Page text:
With the emerging global community and an internet presence even in remote jungles and mountain villages, we all live in an age of exponential changes. It is no surprise that there has been a corresponding pressure on the psyches and equilibriums of just about every living human being.
In response to that pressure, the field of psychotherapy has grown itself up, from the seemingly narrow minded Victorian context of Freudian analysis to more recent scientific advances in mapping brain function. Techniques have ranged from passive and remote interpretation to more active interventions such as EMDR and DBT.
Baby boomers have played a large role in turning psychotherapy into a household word; a term reserved not just for the mentally ill, but also for the “worried well”. And managed care has capitalized further by applying the medical, disease-based model onto the practice, requiring any and all users of health insurance to declare a diagnosis worthy of treatment. That is to say, it is a model of treatment provided by licensed and credentialed practitioners who must authorize and frequently request sessions through a complicated and laborious set of rules in order to be reimbursed–and only then, at a discounted rate.
Because of this co-opting by the managed care industry, psychotherapy has become a practice relegated to those clinicians who oftentimes do not charge “full fare” and only see clients within the insurance industry.
This climate of medically based, devalued care has therefore spawned a whole new breed of helping professionals– executive coaches, life coaches, or personal coaches.
So what are they really? And how are they different from psychotherapists? What do they offer and who can they help?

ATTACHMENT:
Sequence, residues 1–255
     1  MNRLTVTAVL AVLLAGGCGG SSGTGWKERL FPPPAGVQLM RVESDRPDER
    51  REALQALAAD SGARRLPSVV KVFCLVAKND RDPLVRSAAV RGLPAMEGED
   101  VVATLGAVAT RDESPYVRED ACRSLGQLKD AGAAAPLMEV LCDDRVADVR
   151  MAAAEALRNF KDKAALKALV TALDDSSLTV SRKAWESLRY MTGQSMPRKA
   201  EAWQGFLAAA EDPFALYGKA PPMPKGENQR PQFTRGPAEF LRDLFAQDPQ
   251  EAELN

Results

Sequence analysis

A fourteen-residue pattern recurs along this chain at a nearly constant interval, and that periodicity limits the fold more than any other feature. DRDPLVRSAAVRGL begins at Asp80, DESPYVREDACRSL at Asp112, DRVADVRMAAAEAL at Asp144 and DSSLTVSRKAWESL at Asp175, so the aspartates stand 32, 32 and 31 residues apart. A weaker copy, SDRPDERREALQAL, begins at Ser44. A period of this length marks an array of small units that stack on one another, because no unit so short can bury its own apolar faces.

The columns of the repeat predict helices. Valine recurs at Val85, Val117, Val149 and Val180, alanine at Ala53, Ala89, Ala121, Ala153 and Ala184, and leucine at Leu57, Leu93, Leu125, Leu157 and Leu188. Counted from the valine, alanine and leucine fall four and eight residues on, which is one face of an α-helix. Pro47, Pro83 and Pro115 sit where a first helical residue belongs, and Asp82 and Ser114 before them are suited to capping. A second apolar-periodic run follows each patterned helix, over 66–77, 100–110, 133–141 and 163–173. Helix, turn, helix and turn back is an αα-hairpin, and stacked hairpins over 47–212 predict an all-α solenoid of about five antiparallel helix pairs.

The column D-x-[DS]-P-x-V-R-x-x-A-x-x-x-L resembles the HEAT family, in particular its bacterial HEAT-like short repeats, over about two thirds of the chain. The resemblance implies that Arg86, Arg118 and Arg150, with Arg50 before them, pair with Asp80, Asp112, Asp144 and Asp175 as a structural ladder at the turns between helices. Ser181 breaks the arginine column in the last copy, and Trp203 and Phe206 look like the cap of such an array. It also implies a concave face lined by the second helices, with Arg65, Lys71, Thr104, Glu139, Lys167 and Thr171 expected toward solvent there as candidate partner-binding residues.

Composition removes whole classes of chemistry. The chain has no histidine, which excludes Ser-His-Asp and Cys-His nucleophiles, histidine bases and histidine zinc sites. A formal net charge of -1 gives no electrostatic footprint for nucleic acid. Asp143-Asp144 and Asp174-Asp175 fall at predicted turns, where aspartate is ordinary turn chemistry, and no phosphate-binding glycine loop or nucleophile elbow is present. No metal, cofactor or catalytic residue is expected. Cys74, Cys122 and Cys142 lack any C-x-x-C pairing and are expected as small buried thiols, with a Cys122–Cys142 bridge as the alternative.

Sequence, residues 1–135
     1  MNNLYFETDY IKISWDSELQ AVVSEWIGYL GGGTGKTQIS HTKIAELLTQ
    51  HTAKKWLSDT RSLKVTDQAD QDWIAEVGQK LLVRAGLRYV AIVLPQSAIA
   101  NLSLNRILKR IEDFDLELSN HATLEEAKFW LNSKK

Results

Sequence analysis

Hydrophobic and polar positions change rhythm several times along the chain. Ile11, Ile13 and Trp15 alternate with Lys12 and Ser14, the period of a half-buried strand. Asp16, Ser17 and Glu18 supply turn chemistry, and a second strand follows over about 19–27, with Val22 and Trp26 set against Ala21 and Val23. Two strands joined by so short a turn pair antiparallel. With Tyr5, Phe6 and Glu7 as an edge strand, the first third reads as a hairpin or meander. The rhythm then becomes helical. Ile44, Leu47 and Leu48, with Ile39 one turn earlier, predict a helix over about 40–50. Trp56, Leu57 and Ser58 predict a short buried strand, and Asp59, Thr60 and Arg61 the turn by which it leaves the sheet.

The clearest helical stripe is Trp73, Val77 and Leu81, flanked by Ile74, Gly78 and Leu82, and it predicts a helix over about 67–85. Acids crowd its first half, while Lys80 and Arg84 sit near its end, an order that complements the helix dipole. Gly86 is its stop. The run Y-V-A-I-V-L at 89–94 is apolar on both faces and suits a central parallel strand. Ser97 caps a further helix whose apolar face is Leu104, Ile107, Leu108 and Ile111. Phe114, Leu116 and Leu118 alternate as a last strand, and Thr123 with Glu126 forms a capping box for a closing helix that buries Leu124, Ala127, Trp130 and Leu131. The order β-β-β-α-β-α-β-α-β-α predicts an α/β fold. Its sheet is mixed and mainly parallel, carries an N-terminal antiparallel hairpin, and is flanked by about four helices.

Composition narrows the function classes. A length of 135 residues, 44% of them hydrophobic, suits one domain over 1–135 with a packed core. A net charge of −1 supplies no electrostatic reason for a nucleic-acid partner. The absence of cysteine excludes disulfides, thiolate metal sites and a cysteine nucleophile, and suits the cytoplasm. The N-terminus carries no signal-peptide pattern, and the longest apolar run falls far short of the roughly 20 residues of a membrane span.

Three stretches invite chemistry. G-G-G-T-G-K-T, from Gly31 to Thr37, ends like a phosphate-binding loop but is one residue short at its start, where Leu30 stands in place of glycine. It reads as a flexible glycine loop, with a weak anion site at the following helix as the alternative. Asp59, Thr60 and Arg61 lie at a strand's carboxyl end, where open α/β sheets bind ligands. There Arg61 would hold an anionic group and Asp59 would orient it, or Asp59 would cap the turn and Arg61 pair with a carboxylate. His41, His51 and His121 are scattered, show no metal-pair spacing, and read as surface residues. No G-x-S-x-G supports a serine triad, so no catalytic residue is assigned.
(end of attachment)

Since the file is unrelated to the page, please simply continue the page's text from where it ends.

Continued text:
Perhaps the easiest way to explain this is by way of example. Let’s consider a typical presenting problem, but taken from the two different perspectives.
Amy is a 50 year old mother of 3, one of whom is in college and the other two in high school. Married 25 years and a part time executive assistant at a local widgets factory, she has begun to feel bored, antsy, sometimes irritable and a bit lost.
It’s not that she is unhappily married really, or that she doesn’t like her job really, or that she is fed up with the adolescent attitudes of her 3 kids. She doesn’t feel depressed, in the sense that her appetite is off, or her concentration impaired. It’s true that she has put on a few pounds lately, and she tends to forget things more often, and her moods are not exactly happy.
She just doesn’t feel good; she literally doesn’t know what to do with herself anymore, and so she asks friends and her minister for referrals.
If Amy made an appointment with a psychotherapist, she would have presented her insurance card, called for an authorization herself, and paid a copay of $10 to $25. Upon intake, she would have been directed through a series of questions aimed at uncovering the source of her unhappiness, delving into early childhood memories of outstanding events, achievements, losses, and traumas. She would also recount the details and qualities of her relationships with her parents and her siblings, significant caretakers and significant others.